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abstract = "Background: Analysis of circulating cell-free DNA (cfDNA) is under intensive investigation for its potential to identify tumor somatic mutations. We have now explored the usefulness of such liquid biopsy testing with both the digital polymerase chain reaction (dPCR) and next-generation sequencing (NGS) during treatment of patients with the epidermal growth factor receptor (EGFR) inhibitor afatinib. Patients and methods: Eligible patients had advanced lung adenocarcinoma with EGFR activating mutations and were treated with afatinib. Plasma samples were collected before and during (4 and 24 weeks) afatinib treatment as well as at disease progression. Tumor and plasma DNA were analyzed by dPCR and NGS. Results: Thirty-five patients were enrolled. The objective response rate and median progression-free survival (PFS) were 77.1{\%} and 13.8 months, respectively. Tumor and plasma DNA were available for 32 patients. dPCR and NGS detected EGFR activating mutations in 81.3{\%} and 71.9{\%} of baseline cfDNA samples, respectively. In 19 patients treated with afatinib for≥24 weeks, the number of EGFR mutant alleles detected in cfDNA by dPCR declined rapidly and markedly after treatment onset, becoming undetectable or detectable at only a low copy number ( < 10 copies per milliliter) at 4 weeks. Median PFS was slightly longer for patients with undetectable EGFR mutant alleles in cfDNA at 4 weeks than for those in whom such alleles were detectable (14.3 versus 10.0 months). A total of 45 somatic mutations was identified in baseline tumor DNA, and 30 (66.7{\%}) of these mutations were identified in cfDNA by NGS. Allele frequency for somatic mutations in cfDNA determined by NGS changed concordantly during afatinib treatment with the number of EGFR mutant alleles determined by dPCR. Conclusions: Monitoring of cfDNA by dPCR is informative for prediction of afatinib efficacy, whereas that by NGS is reliable and has the potential to identify mechanisms of treatment resistance.",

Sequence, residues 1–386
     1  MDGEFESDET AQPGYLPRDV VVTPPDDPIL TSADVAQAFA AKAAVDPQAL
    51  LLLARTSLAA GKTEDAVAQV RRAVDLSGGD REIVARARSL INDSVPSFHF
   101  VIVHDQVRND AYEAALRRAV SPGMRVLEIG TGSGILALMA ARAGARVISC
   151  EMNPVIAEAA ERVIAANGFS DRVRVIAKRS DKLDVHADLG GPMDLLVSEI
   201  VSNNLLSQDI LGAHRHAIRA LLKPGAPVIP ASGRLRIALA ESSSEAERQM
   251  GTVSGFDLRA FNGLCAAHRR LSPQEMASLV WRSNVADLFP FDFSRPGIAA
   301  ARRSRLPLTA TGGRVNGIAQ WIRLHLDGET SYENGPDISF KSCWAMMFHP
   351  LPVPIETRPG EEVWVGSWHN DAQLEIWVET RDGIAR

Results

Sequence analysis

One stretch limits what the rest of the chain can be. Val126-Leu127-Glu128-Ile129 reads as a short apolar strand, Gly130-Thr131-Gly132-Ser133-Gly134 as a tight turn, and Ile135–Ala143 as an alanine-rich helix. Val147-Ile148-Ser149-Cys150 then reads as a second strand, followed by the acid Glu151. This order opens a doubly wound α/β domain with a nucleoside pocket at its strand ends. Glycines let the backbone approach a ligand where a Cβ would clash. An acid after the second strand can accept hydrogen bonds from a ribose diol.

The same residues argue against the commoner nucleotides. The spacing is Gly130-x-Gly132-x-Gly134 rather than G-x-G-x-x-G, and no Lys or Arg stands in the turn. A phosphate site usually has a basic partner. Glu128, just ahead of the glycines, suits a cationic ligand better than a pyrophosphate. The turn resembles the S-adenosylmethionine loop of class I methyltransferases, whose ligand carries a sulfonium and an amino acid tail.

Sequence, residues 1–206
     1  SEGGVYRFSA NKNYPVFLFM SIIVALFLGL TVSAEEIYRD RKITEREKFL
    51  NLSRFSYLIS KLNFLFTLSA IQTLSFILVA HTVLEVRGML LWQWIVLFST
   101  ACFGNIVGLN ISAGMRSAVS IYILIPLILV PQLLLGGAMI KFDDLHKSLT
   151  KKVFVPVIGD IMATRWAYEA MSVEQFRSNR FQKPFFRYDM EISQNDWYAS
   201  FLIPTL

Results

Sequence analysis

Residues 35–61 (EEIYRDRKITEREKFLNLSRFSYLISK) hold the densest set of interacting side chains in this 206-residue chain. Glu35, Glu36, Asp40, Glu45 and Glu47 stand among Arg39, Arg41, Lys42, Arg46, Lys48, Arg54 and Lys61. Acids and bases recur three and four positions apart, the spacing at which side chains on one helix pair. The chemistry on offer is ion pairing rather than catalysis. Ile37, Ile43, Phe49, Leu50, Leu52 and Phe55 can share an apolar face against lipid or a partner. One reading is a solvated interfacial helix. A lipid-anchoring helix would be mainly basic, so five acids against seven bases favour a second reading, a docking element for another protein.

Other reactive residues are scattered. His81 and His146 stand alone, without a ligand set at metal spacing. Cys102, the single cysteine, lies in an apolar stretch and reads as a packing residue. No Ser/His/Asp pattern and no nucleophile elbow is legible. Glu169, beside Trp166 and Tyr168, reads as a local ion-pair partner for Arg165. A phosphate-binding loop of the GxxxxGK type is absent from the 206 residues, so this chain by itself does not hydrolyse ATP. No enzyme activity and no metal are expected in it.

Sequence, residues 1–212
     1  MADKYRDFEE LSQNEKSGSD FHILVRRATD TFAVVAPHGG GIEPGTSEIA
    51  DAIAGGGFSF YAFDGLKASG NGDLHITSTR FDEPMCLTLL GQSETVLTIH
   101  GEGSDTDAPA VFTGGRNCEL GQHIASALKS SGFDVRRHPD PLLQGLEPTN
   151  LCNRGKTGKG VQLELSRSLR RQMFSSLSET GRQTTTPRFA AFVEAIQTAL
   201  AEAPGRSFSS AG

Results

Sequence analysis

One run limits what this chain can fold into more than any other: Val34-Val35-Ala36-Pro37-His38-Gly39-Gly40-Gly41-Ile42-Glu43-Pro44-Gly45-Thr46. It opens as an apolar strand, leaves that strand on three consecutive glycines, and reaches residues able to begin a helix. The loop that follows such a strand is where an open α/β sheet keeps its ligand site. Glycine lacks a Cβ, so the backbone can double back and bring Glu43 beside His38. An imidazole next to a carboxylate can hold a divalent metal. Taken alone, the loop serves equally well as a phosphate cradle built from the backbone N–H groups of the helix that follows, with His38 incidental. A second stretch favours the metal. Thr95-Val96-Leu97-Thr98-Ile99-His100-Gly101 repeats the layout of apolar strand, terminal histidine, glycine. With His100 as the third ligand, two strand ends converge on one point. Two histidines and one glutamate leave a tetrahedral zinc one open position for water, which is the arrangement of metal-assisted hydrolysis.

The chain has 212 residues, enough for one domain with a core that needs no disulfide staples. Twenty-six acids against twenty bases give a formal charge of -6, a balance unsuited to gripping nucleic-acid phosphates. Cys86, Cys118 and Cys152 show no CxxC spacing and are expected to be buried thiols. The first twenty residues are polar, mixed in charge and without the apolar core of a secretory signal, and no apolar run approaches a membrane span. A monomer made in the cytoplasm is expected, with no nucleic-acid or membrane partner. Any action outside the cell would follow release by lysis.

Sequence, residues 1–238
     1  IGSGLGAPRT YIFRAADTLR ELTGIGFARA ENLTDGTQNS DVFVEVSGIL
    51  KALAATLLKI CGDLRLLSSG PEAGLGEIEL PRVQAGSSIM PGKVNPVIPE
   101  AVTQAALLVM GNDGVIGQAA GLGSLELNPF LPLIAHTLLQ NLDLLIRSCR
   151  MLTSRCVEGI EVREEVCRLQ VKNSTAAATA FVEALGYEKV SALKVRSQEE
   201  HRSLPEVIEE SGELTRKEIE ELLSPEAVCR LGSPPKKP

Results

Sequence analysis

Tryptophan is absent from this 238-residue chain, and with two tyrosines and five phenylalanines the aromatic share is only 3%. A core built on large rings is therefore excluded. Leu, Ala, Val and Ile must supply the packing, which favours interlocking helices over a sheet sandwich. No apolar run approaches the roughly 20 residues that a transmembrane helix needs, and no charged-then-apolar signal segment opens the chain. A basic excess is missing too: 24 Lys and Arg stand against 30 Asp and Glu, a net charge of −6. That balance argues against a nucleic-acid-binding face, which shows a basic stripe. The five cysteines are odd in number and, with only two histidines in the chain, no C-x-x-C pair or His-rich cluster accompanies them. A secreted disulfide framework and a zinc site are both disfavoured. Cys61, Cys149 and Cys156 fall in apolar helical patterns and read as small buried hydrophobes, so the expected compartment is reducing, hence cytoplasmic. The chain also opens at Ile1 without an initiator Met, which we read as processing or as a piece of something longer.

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AU - Iwama, E.

AU - Sakai, K.

AU - Azuma, K.

AU - Harada, T.

AU - Harada, D.

AU - Nosaki, K.

AU - Hotta, Katsuyuki

AU - Ohyanagi, F.

AU - Kurata, T.

AU - Fukuhara, T.

AU - Akamatsu, H.

AU - Goto, K.

AU - Shimose, T.

AU - Kishimoto, J.

AU - Nakanishi, Y.

AU - Nishio, K.

AU - Okamoto, I.

PY - 2017/1/1